In an effort to better acquaint you, the reader, with the VQR staff, members of our team will share excerpts from our personal reading—The Best 200 Words I Read All Week. From fact to fiction, from comedic to tragic, we hope you find as much to admire in these selections as we do.
Click here for access to the complete project archive
“I first thought that the sudden disappearance of all those anti-mosquito coils you burn to get rid of insects was linked to the general shortages in the supermarkets. Then Nayla made me realize that it probably had more to do with the fact that it was impossible for many households to use the usual devices that you plug into a power socket, since there is hardly ever any electricity at all in many neighborhoods, especially at night. So we’re back to using the good old burning coils, which have now disappeared from the market because of high demand — collateral damage of the economic crisis, but also of the COVID-19 pandemic. For I am firmly convinced that the worldwide slump in industrial activity and the lower pollution levels that allowed nature to reboot during the three months of lockdown all over the world have given a new unexpected vigor to plants and insects.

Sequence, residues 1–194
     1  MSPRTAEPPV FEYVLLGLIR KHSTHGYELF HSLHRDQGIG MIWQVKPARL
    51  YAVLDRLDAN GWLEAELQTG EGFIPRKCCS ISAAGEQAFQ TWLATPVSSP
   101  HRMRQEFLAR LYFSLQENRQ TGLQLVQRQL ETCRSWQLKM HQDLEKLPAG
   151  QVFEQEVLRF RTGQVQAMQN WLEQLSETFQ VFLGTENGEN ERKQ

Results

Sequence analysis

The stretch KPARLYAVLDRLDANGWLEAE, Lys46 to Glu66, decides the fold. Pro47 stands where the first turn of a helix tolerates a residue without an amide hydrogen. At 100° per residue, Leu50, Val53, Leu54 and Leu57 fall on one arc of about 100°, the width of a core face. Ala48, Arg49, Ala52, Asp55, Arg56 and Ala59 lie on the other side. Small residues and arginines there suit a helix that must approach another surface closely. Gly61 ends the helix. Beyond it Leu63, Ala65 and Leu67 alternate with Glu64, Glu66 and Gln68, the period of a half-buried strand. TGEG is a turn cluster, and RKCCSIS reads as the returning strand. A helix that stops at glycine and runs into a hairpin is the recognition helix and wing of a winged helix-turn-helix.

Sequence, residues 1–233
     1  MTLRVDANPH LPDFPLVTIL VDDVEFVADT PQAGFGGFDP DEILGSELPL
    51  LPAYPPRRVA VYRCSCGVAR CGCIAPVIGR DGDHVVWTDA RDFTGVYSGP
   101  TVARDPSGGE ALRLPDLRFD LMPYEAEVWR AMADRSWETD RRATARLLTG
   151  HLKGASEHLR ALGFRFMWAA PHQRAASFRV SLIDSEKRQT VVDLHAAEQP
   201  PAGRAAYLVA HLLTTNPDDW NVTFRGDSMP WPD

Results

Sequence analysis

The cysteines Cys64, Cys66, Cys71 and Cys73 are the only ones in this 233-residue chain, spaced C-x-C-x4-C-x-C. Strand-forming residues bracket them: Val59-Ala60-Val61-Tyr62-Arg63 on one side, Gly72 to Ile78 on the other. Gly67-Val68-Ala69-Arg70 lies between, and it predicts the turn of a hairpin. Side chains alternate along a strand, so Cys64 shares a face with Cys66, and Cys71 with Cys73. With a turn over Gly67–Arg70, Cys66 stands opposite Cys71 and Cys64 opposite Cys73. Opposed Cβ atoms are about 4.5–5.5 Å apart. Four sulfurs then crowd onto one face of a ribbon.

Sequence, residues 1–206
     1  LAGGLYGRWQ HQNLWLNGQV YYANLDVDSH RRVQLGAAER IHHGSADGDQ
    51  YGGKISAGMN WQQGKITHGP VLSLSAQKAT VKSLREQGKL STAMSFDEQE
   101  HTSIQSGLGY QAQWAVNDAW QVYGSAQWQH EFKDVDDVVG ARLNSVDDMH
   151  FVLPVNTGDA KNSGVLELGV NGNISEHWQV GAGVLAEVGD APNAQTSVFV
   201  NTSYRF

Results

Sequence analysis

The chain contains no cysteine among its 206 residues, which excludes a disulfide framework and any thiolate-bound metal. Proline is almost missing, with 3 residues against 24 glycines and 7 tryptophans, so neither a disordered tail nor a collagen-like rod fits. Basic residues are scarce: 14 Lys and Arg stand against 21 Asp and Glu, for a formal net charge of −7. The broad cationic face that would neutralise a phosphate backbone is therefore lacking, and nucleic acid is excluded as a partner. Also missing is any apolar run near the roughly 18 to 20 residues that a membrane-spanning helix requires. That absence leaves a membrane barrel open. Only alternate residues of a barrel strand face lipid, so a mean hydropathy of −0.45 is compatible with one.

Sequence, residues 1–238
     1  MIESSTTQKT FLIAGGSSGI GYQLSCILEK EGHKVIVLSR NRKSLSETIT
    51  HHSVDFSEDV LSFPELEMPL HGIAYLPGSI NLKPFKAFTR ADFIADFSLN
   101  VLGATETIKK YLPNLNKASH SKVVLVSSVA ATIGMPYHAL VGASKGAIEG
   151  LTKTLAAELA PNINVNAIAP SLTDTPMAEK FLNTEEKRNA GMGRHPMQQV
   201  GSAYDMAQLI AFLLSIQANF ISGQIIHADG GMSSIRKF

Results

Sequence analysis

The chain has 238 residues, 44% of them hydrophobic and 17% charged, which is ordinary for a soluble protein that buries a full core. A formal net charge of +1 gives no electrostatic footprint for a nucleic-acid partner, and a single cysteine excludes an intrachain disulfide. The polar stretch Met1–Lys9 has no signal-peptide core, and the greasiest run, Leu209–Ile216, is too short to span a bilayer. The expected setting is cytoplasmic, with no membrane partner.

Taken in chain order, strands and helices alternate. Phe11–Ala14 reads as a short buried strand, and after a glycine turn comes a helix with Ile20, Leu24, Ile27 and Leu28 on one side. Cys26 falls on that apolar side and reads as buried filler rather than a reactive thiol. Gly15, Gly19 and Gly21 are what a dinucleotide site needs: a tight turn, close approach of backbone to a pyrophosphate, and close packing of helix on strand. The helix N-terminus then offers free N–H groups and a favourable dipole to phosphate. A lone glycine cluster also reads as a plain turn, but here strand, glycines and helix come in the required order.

And so now we are suddenly defenseless against the bugs.”
Associate Editor Alex Brock
Beirut 2020: Diary of the Collapse, by Charif Majdalani, translated by Ruth Diver, excerpted in Guernica
In rural Montana, on the weekend of the state tournament, small towns evacuate, their residents filling arenas designed for rock bands and college teams. The Warriors competed in Class C, the division representing the state’s smallest schools, where basketball occupies emotional terrain somewhere between escape and religion. Arlee, Montana, has an estimated population of 641, if you choose to believe the US Census, which no one locally does. That weekend, Will was scheduled to play in front of a crowd approximately ten times that size in Bozeman, two hundred miles to the southeast. Despite years of high expectations, and despite the presence of one of the state’s most dynamic players, Will’s cousin Phillip Malatare, a Séliš and Cree point guard, the Arlee Warriors had never won the state championship. Will’s addition had turned the team into something formidable, a pressing, blitzing group that outscored opponents in dizzying runs. Will’s sudden ascendance brought his family intense pride. Chasity filmed each contest on a smartphone, while Will’s father, Big Will, took his place by a large drum alongside the boy’s grandfather and uncles, singing before the team took the court.
Executive Editor Allison Wright
“This Crazy Feeling of Infinity,” by Abe Streep, in Esquire